Not that one has to wear VFF's - there are it seems a variety of thin soled shoes that many folks in the z community and other free-feet-is-best spaces suggest. My past 5 month experience has been with VFF's - i've enjoyed how light and easy they are to shove in my pack to get to work or take on a trip. I also like how my feet have adapted to learning how to be multi-jointed instruments again.

So, if you're contemplating freeing your feet, only half a year-ish on, at least in my experience, it's been entirely worth it. Recommended highly.

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Martin said...

Hi MC,

Excellent feedback! My KSO's are on my feet pretty much permanently and feel great. I was getting a satisfying ache for a while around my ankles and up my shins where the muscles were working again but now those aches are gone and I feel more 'natural' on my feet. What is your opinion on the Onitsuka Tiger tai chi shoes by asics? Are they better/comparable to the Vivo? I am looking at getting one or the other for times when the Vibrams are not suitable.

Boris said...

You've almost sold me on those hideous things and I swore I'd never get them when I first laid eyes on them!

Nice write up.

dr. m.c. said...

Emby: on the tai chi's - if you have to wear shoes, they're fine. I know that kathy and eric at z wear 'em alot. I find 'em a bit wide (they're only boys sizes).

No they're not like the vivo really. The vivo is more of a moccasin type fit - very nice (if you can get a size that fits!)

The vivo's are more dressy and a bit heavier; the tai chi's are just thin leather uppers and thin rubber sole.

BORIS. thank you.
really, try 'em on. they're not hideous, and you'll find out quickly the folks who feel comfortable engaging in conversation with you.
And vibram's just intro'd some new colours - very nice browns, and also the men's get some rad wild stuff too.

i've found it's worth the trip to free your feet.

Max Shank said...

I had a similar reaction to Nike Frees... I've been so happy with the frees up to now. You might have me convinced to try the vibrams...

dr. m.c. said...

thanks for your comment,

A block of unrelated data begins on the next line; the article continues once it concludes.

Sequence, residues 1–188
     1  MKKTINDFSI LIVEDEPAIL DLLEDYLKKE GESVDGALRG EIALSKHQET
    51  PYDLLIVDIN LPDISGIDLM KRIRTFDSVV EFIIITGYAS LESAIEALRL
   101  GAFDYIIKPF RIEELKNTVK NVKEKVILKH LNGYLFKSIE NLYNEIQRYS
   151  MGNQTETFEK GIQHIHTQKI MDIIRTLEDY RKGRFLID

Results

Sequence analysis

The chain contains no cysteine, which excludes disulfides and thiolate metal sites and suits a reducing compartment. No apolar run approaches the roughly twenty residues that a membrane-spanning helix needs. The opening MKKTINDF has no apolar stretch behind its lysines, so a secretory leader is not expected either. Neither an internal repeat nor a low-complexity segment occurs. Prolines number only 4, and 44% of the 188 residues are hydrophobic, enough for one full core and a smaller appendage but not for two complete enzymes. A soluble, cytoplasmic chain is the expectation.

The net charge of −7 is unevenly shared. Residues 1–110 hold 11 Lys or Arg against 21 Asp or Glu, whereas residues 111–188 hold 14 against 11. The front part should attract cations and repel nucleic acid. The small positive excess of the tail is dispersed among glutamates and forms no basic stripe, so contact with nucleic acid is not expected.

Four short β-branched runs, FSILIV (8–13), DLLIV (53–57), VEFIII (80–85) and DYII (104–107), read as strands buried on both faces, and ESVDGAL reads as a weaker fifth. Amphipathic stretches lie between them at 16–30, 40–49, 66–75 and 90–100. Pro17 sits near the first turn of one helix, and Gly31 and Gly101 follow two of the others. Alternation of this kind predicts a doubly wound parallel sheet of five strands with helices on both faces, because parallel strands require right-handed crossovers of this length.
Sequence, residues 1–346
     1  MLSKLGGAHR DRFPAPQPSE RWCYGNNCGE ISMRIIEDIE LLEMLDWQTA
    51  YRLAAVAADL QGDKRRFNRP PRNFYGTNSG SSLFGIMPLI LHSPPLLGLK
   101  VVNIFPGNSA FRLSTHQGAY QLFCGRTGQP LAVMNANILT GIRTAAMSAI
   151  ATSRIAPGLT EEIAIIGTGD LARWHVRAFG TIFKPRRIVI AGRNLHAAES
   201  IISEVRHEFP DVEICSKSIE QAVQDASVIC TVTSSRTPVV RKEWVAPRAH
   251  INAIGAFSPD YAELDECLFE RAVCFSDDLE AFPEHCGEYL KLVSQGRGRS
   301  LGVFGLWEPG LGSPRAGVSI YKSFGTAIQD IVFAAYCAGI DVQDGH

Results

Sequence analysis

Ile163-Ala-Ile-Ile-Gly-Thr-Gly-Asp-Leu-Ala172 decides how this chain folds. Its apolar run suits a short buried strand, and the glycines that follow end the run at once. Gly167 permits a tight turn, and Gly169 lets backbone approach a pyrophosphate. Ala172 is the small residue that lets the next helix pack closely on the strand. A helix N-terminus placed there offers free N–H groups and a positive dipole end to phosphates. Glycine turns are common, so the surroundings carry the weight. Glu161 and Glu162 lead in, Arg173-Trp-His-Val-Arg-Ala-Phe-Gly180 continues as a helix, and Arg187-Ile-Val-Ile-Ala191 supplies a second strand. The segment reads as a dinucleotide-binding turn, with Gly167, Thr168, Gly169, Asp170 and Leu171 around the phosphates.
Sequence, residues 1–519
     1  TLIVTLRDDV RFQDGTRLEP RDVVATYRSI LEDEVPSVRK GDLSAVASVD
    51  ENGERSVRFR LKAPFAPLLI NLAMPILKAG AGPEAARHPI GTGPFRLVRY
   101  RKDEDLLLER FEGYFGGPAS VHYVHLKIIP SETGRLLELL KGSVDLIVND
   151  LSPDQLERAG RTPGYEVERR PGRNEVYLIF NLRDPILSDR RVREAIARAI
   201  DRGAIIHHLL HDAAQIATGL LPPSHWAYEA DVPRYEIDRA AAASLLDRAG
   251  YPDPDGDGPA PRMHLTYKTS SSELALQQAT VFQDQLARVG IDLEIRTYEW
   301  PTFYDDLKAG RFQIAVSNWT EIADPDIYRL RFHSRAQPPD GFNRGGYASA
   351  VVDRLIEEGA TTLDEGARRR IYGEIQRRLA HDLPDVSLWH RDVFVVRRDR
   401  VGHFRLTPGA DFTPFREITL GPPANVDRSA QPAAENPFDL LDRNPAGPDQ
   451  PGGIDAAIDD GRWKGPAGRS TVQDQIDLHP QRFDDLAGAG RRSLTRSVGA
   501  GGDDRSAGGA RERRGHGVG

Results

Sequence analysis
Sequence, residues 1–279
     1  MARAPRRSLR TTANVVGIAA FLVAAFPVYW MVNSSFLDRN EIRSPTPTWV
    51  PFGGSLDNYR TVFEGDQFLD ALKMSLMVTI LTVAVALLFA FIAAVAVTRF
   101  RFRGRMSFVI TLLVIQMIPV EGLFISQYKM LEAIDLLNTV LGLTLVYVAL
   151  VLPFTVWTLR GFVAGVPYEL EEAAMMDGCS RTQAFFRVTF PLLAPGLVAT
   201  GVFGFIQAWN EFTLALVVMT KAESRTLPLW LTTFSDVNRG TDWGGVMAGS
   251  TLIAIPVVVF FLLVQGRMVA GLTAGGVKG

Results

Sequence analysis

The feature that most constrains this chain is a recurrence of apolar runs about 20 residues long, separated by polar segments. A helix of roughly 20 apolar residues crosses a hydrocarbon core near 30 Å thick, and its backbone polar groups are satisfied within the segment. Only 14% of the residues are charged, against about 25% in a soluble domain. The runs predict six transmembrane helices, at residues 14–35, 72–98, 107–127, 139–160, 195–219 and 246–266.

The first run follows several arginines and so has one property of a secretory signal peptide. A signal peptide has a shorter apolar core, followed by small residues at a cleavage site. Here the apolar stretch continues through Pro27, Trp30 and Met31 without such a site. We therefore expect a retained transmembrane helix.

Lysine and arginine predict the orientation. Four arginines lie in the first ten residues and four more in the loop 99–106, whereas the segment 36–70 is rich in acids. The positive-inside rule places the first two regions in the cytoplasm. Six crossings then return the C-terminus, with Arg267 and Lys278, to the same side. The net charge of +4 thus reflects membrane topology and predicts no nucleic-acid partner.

far be it from me to try to convince anyone to do anything. If you like your shoes that's grand.

There are a couple of things to check about shoes

One is do they pass the twist test? free's likely do. Way more so than a standard jogger


do they have a heel? yes, so they are pitching your pelvis forward. not natural.

The second question relates to what's in the blog piece above about proprioception - awareness of yourself in space and optimization of gate associated with this.

free's are squishy - so you're not getting optimal feedback about where you are in space. the proprioception is cut way back.

Now again, frees are way better here than sneakers and most shoes, but there are better alternatives for optimizing gait that comes from proprioceptive awareness, and the benefits that accrue to the body from that.

Speaking for myself,
Spending time in the VFF's and going back to frees is really hard. i feel like my feet are in boxes.
imagine if you had to work all day with your hands in oven mitts. yuck. that's what i feel like now if i have to wear regular type shoes/boots - it really does feel like a whole chunk of my sensory awareness has been cut off.

Also the shoes feel HEAVY. i'm really aware of the weight. and we know that shoe weight is a real drain on us that most of the time we just try to adapt ourselves to accept.

thinner soled shoes that also twist, like the vibams or tai chi's mean that you are really really feeling the ground, and as much of your body as possible is responding and adapting to that ground.